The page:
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Tuesday, 13 November, 2001, 01:12 GMT
Long weekend 'sickies' uncommon
Workers brave the rush hour to get to work
Workers brave the rush hour to get to work
The idea that workers commonly take Mondays and Fridays off as sick leave to extend their weekends does not hold true, researchers say.

Finnish scientists found sick leave rates were lowest on Mondays.

The rate of one-day sick leave was 40% higher on Mondays, and 90% higher on Fridays than other days.

However, the researchers said this accounted for less than 1% of all days lost due to sickness absence.

They say this means companies concentrating on cutting absenteeism on Mondays and Fridays are wasting their time.

UK experts said the move to a 24/7 culture and the blurring of the divide between the working week and the weekend could have influenced sick leave patterns, spreading days off across the week.

Day by day

The Finnish research, published in the journal of Occupational and Environmental Medicine, looked at data for over 27,000 workers between 1993 and 1997.

It looked at the theory many of the Fridays and Mondays taken as sick leave are actually "extended weekend absences", or "blue Monday absences".


Although we found some evidence for the extended weekend absence ... the proportion of days lost was marginal

Dr Jussi Vahtera, Finnish Institute for Occupational Health
Manual and clerical staff in the five towns studied had a combined total of 1.137m days off work due to sickness between Monday and Friday over the five years.

Weekend working appeared to be rare.

Rates of sick leave were lowest on Mondays, increasing up to Wednesdays and then remaining at the same level up to Fridays.

This was true for both sexes, and across all age groups in each year of the study.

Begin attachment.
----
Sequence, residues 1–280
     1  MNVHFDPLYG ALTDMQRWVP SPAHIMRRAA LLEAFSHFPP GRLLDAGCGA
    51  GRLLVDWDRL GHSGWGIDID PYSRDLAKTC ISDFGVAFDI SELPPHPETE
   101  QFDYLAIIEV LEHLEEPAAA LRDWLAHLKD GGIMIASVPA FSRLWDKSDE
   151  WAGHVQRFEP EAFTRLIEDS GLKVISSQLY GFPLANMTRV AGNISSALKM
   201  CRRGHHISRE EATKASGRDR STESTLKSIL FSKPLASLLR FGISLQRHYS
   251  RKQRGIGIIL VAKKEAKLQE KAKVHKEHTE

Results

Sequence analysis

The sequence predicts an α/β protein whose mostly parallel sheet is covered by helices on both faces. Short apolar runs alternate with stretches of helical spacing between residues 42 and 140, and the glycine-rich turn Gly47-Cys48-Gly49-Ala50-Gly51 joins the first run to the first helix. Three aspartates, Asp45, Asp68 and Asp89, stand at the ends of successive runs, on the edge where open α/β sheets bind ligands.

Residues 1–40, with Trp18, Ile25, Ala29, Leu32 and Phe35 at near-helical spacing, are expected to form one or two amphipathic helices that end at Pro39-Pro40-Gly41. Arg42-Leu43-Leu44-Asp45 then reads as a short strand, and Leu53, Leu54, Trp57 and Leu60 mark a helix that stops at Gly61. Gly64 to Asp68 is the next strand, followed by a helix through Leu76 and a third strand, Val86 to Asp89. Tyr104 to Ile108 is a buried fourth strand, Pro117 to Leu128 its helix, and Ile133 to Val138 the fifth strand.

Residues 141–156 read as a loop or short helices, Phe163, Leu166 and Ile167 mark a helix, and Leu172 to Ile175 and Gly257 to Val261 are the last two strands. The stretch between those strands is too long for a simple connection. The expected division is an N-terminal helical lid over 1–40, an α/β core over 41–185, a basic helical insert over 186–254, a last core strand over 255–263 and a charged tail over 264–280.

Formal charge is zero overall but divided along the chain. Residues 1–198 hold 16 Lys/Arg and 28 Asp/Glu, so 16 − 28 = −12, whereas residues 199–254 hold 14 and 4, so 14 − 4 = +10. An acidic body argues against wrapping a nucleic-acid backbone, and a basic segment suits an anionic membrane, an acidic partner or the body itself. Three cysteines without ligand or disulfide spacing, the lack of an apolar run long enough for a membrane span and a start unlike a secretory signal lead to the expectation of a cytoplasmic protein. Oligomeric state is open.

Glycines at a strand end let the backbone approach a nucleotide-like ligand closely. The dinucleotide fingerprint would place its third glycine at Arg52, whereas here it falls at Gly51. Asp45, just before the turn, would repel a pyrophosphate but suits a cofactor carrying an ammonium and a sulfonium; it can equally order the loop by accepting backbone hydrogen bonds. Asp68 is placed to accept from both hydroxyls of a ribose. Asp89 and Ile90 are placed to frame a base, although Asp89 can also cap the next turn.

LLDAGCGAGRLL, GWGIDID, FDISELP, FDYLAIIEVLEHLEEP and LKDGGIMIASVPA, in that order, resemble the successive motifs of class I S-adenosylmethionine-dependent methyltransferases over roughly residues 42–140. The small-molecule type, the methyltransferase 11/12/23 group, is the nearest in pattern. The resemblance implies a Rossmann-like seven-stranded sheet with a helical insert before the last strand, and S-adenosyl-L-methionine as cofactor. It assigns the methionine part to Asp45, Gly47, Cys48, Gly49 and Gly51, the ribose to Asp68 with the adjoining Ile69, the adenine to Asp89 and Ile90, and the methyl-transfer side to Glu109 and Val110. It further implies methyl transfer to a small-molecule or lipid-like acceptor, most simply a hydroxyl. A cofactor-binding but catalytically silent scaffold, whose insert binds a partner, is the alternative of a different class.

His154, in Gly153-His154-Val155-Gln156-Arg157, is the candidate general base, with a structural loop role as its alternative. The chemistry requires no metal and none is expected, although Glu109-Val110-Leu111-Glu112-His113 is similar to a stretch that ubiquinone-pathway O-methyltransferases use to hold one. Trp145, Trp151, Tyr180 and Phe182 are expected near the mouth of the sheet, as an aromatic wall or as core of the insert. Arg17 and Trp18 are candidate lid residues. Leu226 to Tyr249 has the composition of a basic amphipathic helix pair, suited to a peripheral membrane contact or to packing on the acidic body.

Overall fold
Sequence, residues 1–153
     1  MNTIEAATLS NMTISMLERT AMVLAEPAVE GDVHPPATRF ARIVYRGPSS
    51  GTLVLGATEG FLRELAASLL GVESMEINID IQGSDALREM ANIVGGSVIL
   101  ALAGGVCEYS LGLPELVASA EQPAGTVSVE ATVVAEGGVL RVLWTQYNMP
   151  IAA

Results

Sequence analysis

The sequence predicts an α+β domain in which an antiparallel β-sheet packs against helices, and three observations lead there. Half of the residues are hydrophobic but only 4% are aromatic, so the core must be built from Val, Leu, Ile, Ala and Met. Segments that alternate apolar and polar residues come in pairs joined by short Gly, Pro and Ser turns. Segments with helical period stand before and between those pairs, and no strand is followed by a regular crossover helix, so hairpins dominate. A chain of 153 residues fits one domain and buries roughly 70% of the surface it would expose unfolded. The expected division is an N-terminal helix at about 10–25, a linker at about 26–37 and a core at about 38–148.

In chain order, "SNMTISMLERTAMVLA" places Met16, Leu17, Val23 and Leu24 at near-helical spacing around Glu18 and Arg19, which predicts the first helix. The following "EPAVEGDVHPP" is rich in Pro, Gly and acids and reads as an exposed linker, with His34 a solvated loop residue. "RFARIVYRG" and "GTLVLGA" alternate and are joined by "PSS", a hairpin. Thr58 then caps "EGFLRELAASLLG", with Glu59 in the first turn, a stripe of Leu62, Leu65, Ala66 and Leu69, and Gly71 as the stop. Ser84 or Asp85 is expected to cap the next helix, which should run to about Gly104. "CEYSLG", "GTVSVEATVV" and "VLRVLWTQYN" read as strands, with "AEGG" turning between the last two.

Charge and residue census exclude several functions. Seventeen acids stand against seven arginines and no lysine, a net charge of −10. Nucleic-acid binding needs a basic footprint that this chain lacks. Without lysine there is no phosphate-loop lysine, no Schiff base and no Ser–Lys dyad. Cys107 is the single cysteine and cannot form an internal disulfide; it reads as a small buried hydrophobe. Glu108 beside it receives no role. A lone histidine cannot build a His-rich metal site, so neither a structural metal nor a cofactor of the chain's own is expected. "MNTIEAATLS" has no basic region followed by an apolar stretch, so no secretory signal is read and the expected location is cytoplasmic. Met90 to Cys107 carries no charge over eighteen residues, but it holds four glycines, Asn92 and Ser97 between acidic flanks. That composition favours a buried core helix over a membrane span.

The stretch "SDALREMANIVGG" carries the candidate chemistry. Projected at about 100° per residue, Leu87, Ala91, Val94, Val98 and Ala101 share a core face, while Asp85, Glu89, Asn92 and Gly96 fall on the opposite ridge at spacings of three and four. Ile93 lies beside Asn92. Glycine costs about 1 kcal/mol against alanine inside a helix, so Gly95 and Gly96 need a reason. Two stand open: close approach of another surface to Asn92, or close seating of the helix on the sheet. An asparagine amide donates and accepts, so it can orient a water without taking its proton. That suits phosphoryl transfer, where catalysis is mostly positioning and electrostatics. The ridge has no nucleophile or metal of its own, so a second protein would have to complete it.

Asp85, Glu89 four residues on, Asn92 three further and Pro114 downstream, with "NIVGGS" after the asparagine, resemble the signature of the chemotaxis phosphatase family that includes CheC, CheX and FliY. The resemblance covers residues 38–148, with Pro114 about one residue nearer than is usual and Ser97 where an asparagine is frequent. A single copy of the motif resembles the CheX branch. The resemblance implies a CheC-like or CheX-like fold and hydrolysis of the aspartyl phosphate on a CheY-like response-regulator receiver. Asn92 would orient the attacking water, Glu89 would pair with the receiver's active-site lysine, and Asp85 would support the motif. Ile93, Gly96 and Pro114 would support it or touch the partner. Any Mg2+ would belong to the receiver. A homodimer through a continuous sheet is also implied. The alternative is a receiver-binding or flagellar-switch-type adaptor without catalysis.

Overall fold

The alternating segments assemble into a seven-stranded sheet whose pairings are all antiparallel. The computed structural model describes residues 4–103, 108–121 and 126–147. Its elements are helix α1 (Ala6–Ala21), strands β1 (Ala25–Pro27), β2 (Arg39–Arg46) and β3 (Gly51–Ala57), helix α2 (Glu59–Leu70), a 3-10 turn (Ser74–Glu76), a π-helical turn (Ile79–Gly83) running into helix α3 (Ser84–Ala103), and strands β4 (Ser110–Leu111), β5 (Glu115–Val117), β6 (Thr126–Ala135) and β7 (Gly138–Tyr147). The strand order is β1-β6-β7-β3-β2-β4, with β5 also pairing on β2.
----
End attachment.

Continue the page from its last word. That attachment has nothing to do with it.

The researchers, from the Finnish Institute of Occupational Health, found one-day sick leave made up just 4.5% of total sickness absenteeism.

And they estimate around 50% of absences which included a Monday or a Friday could be due to longer-term sickness that also affected weekends.

At any time during the study, 3.5% of male employees and 5% of female employees were on sick leave.

Men, younger employees and those in a lower socio-economic position were more likely to have extended weekend sick leave, though the pattern varied between the towns in the study.

'24/7 culture'

Dr Jussi Vahtera, who led the study, wrote: "From the managerial point of view, the key issue is the proportion of absenteeism which is avoidable.

"Although we found some evidence for the extended weekend absence - that is, absences which are provable not related to sickness, the proportion of days lost was marginal."

Dr David Holmes, senior lecturer in psychology at Manchester Metropolitan University, told BBC News Online the pattern would probably hold true for the UK.

"What used to be a week-day, weekend culture is now 24 hours, seven days a week."

He said that meant people no longer necessarily worked a strict five-day, Monday to Friday week, and they no longer saved all their socialising for the weekend - affecting the days people might take off as "sick leave".

Diane Sinclair, employee relations advisor for the Chartered Institute of Personnel and Development, said she was aware of surveys which showed people were more likely to be off sick on a Monday.

She added that "dress-down" Fridays were believed to have reduced absences on that day.

But Ms Sinclair added: "I don't know any organisations that would concentrate on Monday/Friday absences.

"They would look for patterns of short-term absences, which could trigger an interview with the employer."

See also:

03 Jan 01 | e-cyclopedia
Duvet days: A snooze button for life
19 Oct 00 | Scotland
Firm targets 'cyber skivers'
28 Jun 01 | UK
The art of the 'sickie'
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